Why is a Birth Team Important?
Having a strong birth team can provide emotional support during labor, birth, and postpartum. They can offer encouragement and provide a calming presence, which can help reduce stress and anxiety.
Your birth team can help you advocate for your wishes and make informed decisions about your care. They can communicate with healthcare providers on your behalf and help you navigate the healthcare system.
Members of your birth team can offer different pain management techniques such as massage, counterpressure, and breathing exercises. They can also help you make informed decisions about pain medication options.
A birth team can help you document and remember the details of your birth experience. A birth photographer can capture photos of the birth, while family members, friends, and your doula can help you write out your birth story.
A strong and supportive birth team is important for a positive birth experience. You want to be discerning about choosing the right people to attend your birth. It’s crucial you have people who will advocate for you, respect your decision, and ensure your voice is heard. You also want your team to comprise people who make you feel calm and grounded.
I had a client who had to gently ask her mother not to attend her birth because, during the birth of her first child, her mom was a ball of nerves and negatively impacted her experience. I had another client who chose her grandmother over her partner due to the nature of her relationship and the kind of support she needed to feel grounded during labor. Be sure to communicate your wishes and needs with your birth team members so they can best support you during this special time.
Questions to ask yourself about your birth team:
Do they fully support my birth preferences?
Do I feel like my voice is heard and my opinion is important to them?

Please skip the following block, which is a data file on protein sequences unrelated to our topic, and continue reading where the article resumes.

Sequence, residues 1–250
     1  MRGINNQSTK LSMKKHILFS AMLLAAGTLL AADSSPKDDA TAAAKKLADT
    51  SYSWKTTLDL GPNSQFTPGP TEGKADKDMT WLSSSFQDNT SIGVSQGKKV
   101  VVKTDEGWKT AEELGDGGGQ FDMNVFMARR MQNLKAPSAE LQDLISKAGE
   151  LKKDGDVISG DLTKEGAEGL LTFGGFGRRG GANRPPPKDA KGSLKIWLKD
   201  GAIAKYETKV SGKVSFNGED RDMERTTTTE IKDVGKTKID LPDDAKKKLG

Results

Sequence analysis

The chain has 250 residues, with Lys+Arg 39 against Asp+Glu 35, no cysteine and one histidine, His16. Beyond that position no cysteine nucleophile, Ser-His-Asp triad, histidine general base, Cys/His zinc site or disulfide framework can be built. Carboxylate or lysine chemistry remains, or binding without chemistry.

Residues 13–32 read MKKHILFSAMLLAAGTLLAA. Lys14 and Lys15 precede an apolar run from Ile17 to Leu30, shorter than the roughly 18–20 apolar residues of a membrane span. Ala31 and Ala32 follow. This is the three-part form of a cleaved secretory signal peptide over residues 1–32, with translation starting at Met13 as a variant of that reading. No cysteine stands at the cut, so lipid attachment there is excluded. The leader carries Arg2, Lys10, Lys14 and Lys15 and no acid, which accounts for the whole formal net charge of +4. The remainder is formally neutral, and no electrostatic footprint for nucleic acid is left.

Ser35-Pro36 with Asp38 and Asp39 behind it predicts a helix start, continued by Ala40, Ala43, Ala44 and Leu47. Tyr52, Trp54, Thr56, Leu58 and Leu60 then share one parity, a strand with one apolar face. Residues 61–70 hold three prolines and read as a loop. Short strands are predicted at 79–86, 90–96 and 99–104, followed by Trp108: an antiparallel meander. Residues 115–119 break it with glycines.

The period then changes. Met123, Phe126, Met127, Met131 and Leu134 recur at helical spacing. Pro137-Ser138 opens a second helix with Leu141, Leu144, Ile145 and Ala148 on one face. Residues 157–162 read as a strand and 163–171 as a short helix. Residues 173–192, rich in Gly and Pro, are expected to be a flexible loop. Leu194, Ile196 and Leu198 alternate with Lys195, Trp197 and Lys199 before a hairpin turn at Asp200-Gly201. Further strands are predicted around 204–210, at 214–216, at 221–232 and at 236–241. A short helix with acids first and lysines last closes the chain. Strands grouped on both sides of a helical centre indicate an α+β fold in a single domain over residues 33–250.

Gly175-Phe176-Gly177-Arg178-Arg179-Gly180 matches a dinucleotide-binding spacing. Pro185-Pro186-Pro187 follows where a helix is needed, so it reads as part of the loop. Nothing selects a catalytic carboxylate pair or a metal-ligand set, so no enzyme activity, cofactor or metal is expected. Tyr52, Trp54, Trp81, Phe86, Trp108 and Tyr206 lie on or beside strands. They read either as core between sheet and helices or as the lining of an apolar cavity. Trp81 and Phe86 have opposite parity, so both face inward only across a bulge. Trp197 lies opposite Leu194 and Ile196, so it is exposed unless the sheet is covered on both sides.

Who on my birth team will help advocate for me when I am mid-contraction and cannot talk?
Who do I trust on my team to provide me with the information I need to make informed and grounded decisions? Who will help give me the time and space to make those decisions?
Who on my birth team will be by my side to comfort me and comfort me throughout my labor? Do they know what types of support I like? Are they knowledgeable about comfort measures?
This information is for educational purposes only and is not meant for diagnosis or treatment. Use of this information should be done in accordance with your healthcare provider.
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Meet the Author
Clara O'Rourke (she hers),
Holistic Doula & Childbirth Educator.
I am a researcher turned total birth nerd with a passion for supporting people birth in their full power! I guide people through their pregnancy, labor, and postpartum journey by helping them overcome fear or anxiety about birth, providing evidence-based information so they can make informed decisions, and ensuring they have everything they need to birth with confidence. Birth is sacred and it should be treated that way. I am committed to providing support for birth and beyond, regardless of a person's background, sexual orientation, gender identity or expression, or relationship status. También ofrezco mis servicios en español. I wish you and your growing family the brightest of beginnings!